After picking up a tinge of pink because of course we’d forgotten that sunlight in high altitudes reflected off water equals burn, we went on to Devil’s Tower, which I’d visited once years before. We took a mile hike around the base and marveled at the climbers we could barely see high above us.
From Devil’s Tower to Deadwood, South Dakota. Took daughter for a walk downtown while my son settled a quarrel on an online gamer group. And how odd is it that he can pursue personal relationships with a group of people, some old friends and some he’s never met in person, while traveling thousands of miles around the country?
Took Little Bit to a sandwich place in an old gas station that also features a glass blowing studio.
“I like Deadwood,” she announced after looking around.
Fetched son, showed the kids the saloon where Wild Bill Hickock was murdered. Kids agreed this was major cool.
A kindly local directed us to Miss Kitty’s for pizza. Kids greatly amused aged Daddy misheard “Poor House Pizza.”
“You named a pizza for a bordello?” I said.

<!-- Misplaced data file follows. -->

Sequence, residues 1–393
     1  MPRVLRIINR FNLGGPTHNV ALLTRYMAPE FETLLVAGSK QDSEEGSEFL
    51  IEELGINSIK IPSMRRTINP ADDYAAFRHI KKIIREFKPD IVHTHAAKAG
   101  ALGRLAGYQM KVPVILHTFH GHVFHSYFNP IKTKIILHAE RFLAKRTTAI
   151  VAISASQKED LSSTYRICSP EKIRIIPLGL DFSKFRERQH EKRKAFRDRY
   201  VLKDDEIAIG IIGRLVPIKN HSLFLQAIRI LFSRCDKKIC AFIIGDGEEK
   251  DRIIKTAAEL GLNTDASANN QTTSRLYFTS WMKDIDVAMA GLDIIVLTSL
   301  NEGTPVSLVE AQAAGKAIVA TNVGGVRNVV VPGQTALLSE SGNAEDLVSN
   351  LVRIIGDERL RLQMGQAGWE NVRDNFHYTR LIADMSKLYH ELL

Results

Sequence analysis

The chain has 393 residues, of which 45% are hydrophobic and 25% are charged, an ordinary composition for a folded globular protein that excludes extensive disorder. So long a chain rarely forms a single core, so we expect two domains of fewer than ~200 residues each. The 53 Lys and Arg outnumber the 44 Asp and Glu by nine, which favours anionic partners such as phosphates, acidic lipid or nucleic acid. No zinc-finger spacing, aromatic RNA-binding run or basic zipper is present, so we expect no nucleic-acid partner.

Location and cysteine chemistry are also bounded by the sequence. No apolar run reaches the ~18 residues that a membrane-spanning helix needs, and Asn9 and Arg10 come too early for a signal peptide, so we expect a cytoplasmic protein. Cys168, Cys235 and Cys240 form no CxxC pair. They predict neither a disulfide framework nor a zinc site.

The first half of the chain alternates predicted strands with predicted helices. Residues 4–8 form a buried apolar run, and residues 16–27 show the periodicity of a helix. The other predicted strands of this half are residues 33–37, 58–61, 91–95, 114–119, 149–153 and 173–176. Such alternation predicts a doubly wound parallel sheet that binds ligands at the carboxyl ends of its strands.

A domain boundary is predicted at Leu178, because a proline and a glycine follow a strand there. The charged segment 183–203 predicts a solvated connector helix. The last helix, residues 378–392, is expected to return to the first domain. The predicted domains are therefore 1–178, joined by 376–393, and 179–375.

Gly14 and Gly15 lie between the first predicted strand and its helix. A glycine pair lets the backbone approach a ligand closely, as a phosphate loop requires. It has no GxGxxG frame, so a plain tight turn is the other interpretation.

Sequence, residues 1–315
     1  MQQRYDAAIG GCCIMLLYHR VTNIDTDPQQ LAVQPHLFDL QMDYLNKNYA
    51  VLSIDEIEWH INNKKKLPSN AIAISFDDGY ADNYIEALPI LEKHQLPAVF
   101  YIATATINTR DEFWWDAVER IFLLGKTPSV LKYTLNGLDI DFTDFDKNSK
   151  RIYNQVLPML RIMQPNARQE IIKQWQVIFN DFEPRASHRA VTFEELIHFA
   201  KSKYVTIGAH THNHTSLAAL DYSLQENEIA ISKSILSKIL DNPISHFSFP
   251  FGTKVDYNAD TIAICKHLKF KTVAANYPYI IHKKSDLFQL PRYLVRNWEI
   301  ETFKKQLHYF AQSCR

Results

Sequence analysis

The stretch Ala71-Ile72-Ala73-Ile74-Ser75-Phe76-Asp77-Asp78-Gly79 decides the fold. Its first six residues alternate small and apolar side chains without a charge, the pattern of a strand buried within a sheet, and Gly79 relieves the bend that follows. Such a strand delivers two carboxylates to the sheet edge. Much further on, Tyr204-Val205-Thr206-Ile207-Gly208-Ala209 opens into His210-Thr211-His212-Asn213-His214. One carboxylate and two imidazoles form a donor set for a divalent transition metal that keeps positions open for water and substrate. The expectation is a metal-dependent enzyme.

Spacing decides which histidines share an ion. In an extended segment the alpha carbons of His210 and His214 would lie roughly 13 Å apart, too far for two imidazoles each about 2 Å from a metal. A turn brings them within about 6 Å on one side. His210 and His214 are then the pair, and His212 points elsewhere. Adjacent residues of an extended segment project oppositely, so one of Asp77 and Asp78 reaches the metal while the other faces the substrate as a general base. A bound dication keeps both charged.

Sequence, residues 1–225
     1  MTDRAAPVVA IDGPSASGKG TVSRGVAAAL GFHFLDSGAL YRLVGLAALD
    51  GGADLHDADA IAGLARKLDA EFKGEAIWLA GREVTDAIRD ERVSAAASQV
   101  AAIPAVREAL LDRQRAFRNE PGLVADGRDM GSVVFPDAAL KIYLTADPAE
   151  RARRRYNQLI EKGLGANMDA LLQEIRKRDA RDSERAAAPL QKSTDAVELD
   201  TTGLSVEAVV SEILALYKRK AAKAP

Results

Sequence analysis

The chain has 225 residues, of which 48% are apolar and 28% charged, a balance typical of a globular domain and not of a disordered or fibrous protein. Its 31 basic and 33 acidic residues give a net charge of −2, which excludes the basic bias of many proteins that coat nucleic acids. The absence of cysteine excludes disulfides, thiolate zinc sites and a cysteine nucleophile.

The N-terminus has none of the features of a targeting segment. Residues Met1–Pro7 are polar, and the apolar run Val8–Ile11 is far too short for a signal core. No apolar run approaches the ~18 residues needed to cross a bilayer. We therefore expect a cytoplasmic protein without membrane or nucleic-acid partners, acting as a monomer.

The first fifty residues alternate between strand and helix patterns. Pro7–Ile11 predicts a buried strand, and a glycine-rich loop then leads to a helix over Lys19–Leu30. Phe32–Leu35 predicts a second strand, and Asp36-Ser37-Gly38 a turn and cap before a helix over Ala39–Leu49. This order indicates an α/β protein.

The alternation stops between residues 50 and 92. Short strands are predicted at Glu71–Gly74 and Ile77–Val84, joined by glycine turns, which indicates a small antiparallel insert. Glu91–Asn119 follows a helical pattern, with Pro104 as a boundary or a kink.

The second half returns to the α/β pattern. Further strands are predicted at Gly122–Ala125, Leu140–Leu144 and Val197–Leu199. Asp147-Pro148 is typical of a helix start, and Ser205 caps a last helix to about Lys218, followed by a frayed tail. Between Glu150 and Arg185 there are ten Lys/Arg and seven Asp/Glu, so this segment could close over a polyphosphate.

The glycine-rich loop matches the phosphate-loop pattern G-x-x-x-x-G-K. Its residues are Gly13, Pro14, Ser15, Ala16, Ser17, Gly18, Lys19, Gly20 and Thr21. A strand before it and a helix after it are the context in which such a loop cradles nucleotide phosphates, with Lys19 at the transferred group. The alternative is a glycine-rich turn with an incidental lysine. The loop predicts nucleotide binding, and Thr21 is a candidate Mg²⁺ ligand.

“No, POOR house.”
“Well it is Deadwood,” I said defensively.
Made the hand-off to their mother next day and left the two old Deadwood hands to show her around.
I love traveling. Maybe it’s in the blood. Family genealogies show no generations have been buried in the place they were born for centuries now.
Or maybe I picked up the wanderlust as a Navy brat. I’d made two Atlantic crossings by the time I entered first grade.
I’ve traveled all over Eastern Europe by train, and long stretches of the Arabian Peninsula by car.
But best of all I love to travel in my country by car, especially the Midwest and West. I love to take the old US Highways rather than the Interstates. I love to take my kids to eat in local restaurants where the food is best and the people always ready to chat.
I love to take them to places we’re familiar with, and new places we’ll become familiar with.
I have not been able to provide a lot of stability for my children in many ways. They live in a rental house with an eccentric single father. We’ve moved a lot, and I fear not for the last time. Their closest relatives are far away and hard to visit.
But I can do this for them. I can take them around the vast spaces of this big lucky country of ours, visiting favorite places and discovering new ones. Meeting people with skills and stories.
This is how I tell my children however far they roam and wherever they live, “This is your country, here you will always be home.”